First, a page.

The Effect of Relative Sea Level Change on the Development of Phylloid Algal Bioherms, Laborcita Formation (Lower Permian), Sacramento Mountains, New Mexico
Ian T. Gordon
The Lower Permian Laborcita Formation, northern Sacramento Mountains, New Mexico, contains spectacular exposures of phylloid algal bioherms interbedded with siliciclastics. My objective is to determine the stratigraphic context of these buildups with respect to relative sea level change. Previous studies of similar buildups indicate that they formed during sea level highstands.
Sections were measured from a thick conglomeratic red bed through the bioherm exposures to the base of Abo Formation red beds. The basal unit is a conglomeratic red bed interpreted as a fluvial system. This basal conglomerate is succeeded by shelf siltstones interbedded with three discrete biolithite layers, which in turn are covered by prodelta siltstones coarsening upwards into delta front sandstones. The subsequent layer is a prominent, continuous, white micrite. This is superseded by heterogeneous, laterally discontinuous, interbedded carbonates and siliciclastics, which form the base of the phylloid algal bioherms. The bioherms are covered by another prodelta siltstone coarsening upwards into a delta front sandstone. This delta is succeeded by red beds interbedded with two discre e wackestone layers. The wackestones contain black carbonate lithoclasts, which are interpreted as shallow-water carbonates.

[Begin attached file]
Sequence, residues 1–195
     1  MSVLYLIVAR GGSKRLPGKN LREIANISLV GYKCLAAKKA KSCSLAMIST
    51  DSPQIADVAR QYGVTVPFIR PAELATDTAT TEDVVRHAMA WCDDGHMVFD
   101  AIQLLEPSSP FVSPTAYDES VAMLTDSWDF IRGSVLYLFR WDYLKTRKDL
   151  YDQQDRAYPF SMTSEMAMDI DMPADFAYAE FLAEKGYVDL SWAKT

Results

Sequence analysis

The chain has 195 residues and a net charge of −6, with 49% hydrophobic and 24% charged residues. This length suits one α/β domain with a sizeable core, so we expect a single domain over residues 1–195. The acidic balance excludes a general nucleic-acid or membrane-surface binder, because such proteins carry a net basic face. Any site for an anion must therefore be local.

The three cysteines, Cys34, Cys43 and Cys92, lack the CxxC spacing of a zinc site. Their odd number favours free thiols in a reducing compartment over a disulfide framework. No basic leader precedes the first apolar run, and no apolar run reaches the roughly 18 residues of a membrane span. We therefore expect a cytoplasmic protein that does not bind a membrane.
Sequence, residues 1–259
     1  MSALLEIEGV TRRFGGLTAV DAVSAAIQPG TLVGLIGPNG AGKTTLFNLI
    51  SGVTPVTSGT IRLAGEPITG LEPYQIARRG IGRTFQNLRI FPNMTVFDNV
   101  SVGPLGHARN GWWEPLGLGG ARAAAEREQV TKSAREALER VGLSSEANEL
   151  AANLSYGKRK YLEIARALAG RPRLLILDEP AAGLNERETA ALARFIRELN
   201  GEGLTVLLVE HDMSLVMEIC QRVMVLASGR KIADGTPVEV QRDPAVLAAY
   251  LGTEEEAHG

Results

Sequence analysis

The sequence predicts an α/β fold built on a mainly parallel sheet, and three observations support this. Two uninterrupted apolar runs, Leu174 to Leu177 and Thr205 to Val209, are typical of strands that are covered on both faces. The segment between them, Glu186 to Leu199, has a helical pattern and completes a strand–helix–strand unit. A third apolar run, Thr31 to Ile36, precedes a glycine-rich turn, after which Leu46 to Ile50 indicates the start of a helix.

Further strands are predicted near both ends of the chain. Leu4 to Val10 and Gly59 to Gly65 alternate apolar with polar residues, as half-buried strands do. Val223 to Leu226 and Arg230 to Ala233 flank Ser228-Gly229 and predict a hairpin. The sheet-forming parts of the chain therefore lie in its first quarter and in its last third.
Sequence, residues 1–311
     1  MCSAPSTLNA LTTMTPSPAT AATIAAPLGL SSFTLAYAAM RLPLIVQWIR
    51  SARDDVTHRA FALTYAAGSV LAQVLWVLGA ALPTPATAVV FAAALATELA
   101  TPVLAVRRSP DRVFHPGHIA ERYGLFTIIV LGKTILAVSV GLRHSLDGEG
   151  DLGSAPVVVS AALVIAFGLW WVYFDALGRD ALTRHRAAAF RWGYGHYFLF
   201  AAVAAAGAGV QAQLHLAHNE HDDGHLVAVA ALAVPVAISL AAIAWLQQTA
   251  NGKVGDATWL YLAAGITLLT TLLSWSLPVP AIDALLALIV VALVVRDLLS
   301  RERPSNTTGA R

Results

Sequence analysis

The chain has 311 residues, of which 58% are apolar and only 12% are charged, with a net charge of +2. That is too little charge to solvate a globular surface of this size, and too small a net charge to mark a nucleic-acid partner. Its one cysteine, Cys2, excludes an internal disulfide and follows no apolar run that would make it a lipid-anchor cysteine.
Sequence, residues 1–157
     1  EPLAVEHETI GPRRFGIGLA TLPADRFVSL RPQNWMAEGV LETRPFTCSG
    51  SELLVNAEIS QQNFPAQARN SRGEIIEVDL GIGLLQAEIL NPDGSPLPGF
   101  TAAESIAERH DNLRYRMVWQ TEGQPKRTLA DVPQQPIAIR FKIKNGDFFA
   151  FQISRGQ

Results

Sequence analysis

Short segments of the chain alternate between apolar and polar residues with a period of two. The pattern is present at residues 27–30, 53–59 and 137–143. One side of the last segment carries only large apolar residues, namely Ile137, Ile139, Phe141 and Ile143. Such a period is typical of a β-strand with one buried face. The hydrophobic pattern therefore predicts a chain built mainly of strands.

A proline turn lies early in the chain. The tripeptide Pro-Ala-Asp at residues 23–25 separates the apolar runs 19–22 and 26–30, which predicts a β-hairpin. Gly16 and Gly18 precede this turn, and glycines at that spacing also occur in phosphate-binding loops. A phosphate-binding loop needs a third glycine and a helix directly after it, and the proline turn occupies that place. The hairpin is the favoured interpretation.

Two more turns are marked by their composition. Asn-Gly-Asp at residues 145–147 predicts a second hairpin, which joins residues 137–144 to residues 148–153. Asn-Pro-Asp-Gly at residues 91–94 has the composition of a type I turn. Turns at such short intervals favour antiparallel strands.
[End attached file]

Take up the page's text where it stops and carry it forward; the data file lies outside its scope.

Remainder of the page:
The phylloid algal bioherms formed during a period of relative sea level highstand. Highstand units are bounded by subaerial exposure surfaces and red beds. Given the extensive updip presence of fan deltas in the Laborcita, the dominant mechanism controlling facies succession is interpreted as autocyclic lobe shifting.
AAPG Search and Discover Article #91019©1996 AAPG Convention and Exhibition 19-22 May 1996, San Diego, California